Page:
Going by the name of Dr Sangoma, Nkholo Seanego says as much as the physical well-being is prioritised, it is sometimes the spirit that needs healing.
After a busy morning of attending to patients’ physical ailments at the Chris Hani Baragwanath Hospital in Johannesburg, Dr Nkholo Seanego knocks off to his “ndumbeni” (traditional consultation room) in The Orchards, Pretoria, where he continues to heal his patients – this time, spiritually.
Going by the name “Dr Sangoma”, Seanego’s view of healing looks at both the physical and spiritual well-being of his patients, as he is a qualified doctor who also practices as a sangoma after hours.
“We need to get to a position where we can get into consultations and I can tell you that the problem is not spiritual, it is physical – and as a doctor, I can tell you without fear of being labelled, that you need to go to the ndumbeni,” he says.
Even as a child, he says, he knew his purpose was to help people.
Dr Nkholo Seanego poses for a photograph at his home in The Orchards, Pretoria, 16 June 2021. The doctor is a medical doctor as well as a sangoma. Picture: Michel Bega
Being the seventh of eight children growing up on a farm in Sterkrivier, Limpopo, both his parents were born to traditional healers. But as a sickly baby, the family advised that Seanego’s name be changed to Nkholo, which was the name of his sangoma grandfather.
Then, from the age of nine years Seanego says he started having visions.
“I would have déjà vu moments and visions and would share them with my mother and those visions would come true. My mother, who is a Zion Christian Church (ZCC) member, knew what was happening but ran away from this calling herself and was in denial that most likely her son might be gifted as well.”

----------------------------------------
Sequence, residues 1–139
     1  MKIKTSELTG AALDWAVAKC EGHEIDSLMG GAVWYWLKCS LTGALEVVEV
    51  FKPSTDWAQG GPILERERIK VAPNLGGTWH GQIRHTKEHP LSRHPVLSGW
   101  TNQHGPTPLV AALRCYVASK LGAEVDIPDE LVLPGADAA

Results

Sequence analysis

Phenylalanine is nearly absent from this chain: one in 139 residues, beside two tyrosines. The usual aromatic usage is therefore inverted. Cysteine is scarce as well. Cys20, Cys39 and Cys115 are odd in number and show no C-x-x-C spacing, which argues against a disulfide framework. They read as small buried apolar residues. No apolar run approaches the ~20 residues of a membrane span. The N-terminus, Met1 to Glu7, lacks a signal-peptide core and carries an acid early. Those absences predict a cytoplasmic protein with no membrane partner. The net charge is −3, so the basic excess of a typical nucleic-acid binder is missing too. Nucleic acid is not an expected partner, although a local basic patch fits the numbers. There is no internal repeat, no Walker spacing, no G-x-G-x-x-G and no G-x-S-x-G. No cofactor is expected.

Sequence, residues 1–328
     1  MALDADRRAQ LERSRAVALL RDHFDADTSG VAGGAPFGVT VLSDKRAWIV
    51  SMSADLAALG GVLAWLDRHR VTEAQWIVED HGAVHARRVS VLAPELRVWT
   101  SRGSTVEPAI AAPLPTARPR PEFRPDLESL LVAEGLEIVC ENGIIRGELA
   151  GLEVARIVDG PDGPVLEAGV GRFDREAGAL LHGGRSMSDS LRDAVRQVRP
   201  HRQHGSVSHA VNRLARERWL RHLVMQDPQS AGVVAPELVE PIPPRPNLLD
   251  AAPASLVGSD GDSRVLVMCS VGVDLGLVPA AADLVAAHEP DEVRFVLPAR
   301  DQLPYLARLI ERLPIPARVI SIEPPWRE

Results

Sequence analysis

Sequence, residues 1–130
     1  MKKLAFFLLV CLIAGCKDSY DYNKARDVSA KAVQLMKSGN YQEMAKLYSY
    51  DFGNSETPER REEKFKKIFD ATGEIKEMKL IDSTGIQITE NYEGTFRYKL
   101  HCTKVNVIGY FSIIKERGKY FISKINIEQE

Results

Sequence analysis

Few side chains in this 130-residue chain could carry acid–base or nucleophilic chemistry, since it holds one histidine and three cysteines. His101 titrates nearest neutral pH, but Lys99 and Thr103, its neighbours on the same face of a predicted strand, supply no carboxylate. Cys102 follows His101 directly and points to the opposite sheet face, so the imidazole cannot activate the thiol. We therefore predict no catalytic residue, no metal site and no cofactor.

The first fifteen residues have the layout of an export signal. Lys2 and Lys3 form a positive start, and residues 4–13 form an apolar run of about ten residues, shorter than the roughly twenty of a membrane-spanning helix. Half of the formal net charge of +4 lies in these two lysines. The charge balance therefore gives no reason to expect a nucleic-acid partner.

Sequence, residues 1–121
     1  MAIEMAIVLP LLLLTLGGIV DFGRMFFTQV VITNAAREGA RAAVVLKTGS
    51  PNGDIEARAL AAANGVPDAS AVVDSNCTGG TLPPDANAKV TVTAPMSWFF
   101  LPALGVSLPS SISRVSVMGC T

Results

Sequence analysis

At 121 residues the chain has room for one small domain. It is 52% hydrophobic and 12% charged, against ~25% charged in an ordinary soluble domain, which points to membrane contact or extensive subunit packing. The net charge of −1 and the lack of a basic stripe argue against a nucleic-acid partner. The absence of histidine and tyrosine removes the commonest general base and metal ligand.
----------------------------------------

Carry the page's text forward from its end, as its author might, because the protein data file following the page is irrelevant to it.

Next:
After completing his matric with good marks, he studied biochemistry at the University of South Africa but was offered an opportunity by the Limpopo health department to study medicine in Cuba.
Dr Nkholo Seanego at his home in The Orchards, Pretoria, 16 June 2021. Picture: Michel Bega
This is where he was taught the skill of putting the patient first.
“I learned in Cuba that your first aim is to make sure you don’t make money out of your clients but to heal them and the rest shall follow. That is the same principle in our tradition,” he said.
Upon his return, Seanego says he was looking forward to a flourishing future, having met a “beautiful woman” whom he married and had two children with.
Out of the blue, he says his finances suddenly “went down the drain”.
“I tried some companies which were liquidated. I lost my car. I lost that marriage also. I was young, educated, how am I not ‘slaying’? I stopped the church and started drinking until I met a guy who said maybe I must see a sangoma. When I went there, I knew what I was going to be told.”
By 29, Seanego underwent 14 months of training to be a sangoma to finally fulfil that which he had been trying to deny most of his life.
Currently he is also training as a cardiothoracic surgeon at Charlotte Maxeke Hospital in Johannesburg.
He says the two disciplines of healing and medicine are based on bio-psychosocial concepts which look at the physical, psychological and social. What is common in western and traditional medicine is that the patient always comes first, he says.
Dr Nkholo Seanego. Picture: Michel Bega
“These components exist, so why give importance to one component of yourself? Why only the physical? We can agree that you can be sick psychologically and it manifests in the physical form. But also you can be sick spiritually and it manifests in the physical form.”